Monday, August 11, 2008
the bell divers
I've noticed some bands spend their entire musical lives trying desperately to sound like their heroes, falling miserably into that horrible limbo of pastiche. Others, however, nail their sound perfectly first time around, channelling the best of their heroes and adding glimmer and polish to their sparkling sound as they progress. The Bell Divers are my favourite Brisbane band at the moment, and they certainly fall into the latter category. Do you like Postcard-era Go Betweens? Those Orange Juice tracks that sound like the ones Roger McGuinn casually left behind in the studio? Everything on The Lucksmiths' "Where Were We?" compilation? Then you'll love every track on June July, their debut album.
Despite being recorded more than a year ago, yesterday marked the official album launch with a splendid afternoon show at The Powerhouse. These afternoon shows really are something to cherish - after the stellar performances by The Motifs and The Crayon Fields a wee while ago, it was a treat to hear more pop on a Sunday afternoon.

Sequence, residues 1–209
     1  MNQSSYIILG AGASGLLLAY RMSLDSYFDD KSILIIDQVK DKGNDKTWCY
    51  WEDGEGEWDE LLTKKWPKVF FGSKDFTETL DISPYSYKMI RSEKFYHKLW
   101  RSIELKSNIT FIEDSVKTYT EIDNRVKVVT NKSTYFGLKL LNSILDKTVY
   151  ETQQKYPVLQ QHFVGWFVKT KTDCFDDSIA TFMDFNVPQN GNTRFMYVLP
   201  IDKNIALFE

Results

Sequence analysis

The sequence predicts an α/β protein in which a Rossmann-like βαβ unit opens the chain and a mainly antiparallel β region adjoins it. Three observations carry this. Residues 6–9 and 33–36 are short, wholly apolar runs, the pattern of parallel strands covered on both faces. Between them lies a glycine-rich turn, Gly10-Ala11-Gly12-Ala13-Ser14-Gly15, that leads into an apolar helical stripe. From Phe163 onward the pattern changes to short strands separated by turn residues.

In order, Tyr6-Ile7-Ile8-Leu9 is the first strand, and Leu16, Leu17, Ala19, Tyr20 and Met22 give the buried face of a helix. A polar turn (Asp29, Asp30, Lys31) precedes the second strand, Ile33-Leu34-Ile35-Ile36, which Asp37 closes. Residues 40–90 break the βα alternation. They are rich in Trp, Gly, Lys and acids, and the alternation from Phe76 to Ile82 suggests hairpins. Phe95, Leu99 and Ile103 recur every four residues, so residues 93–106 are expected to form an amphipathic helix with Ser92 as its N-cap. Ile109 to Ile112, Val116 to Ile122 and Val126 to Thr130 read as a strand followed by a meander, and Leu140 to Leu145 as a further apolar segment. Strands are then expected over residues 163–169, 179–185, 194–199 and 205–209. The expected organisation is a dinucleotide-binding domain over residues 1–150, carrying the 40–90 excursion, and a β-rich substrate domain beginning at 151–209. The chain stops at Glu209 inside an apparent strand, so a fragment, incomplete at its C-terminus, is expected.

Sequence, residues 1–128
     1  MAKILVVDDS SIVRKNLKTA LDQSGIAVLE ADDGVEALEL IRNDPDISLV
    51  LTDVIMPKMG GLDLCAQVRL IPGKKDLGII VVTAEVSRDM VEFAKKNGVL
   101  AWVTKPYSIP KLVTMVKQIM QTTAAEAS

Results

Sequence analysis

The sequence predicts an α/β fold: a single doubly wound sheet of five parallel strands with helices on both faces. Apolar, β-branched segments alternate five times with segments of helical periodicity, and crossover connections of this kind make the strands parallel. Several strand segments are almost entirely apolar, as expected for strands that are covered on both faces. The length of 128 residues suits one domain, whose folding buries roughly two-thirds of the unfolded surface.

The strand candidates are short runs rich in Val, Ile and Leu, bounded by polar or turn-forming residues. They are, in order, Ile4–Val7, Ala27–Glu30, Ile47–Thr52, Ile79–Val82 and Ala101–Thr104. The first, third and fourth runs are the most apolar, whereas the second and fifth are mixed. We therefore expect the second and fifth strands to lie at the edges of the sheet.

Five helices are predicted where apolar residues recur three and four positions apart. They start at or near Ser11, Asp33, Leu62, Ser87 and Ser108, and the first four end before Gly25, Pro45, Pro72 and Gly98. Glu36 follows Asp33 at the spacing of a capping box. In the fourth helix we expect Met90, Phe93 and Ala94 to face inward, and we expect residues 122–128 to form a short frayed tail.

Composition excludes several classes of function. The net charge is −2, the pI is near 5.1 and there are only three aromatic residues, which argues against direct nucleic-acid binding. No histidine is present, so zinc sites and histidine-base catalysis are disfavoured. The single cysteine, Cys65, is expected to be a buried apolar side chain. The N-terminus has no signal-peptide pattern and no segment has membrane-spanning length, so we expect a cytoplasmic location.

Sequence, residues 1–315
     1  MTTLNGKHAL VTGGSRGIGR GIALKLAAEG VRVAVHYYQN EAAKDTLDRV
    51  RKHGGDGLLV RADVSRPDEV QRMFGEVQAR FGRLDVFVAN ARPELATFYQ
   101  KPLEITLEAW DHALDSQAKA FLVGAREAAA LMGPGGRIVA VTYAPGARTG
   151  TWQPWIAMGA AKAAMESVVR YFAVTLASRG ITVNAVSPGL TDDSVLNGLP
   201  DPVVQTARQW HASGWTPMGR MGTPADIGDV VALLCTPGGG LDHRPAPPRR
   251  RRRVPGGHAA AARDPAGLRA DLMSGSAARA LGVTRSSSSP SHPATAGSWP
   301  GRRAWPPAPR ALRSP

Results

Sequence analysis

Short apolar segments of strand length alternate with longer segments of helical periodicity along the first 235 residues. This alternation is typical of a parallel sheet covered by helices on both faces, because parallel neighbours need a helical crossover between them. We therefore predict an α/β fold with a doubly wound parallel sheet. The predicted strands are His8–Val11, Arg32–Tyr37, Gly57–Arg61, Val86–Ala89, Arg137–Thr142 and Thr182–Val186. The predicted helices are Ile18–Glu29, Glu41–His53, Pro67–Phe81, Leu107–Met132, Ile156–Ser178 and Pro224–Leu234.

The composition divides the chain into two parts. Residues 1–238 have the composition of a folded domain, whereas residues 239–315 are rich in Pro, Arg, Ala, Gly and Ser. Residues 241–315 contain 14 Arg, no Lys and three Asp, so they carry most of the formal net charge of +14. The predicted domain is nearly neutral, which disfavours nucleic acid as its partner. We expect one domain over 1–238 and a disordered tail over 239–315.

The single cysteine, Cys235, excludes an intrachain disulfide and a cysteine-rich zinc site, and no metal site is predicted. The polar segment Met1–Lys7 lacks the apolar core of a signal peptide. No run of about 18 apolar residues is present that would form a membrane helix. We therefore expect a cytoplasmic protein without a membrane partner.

While the songs feature guitar lines straight out of the Pop Songbook and warm organ sounds and harmonies to complement, it's Clinton's darkly wry lyrics that stand out against this shining backdrop. One minute he'll be singing about self-harm, the next he'll pull out a line like, "When we pulled in to the shore, he was pulling out of me". And yet, it all works and has this charm about it that almost makes you forget the heartbreak being sung. The set featured a mix of tracks from the album and some newer songs, one of which I think was called "Pinpoint Eyes", sounds brilliant. Please record some of these newer, more upbeat songs because they are just wonderful!
I've had the guitar line from "Fallen Down" stuck in my head since yesterday - it sounds exactly like the perfect pop guitar lick should, and it ain't going nowhere until my mind can tell me where I've heard it before.
Best of all, June July is available for free download here! But really, you should buy the album so you can get David Thorley's terrific artwork in your little hands. Lovely albums like this don't come out of Brisbane too often, and it's a privilege to finally have The Bell Divers playing out of my stereo at last.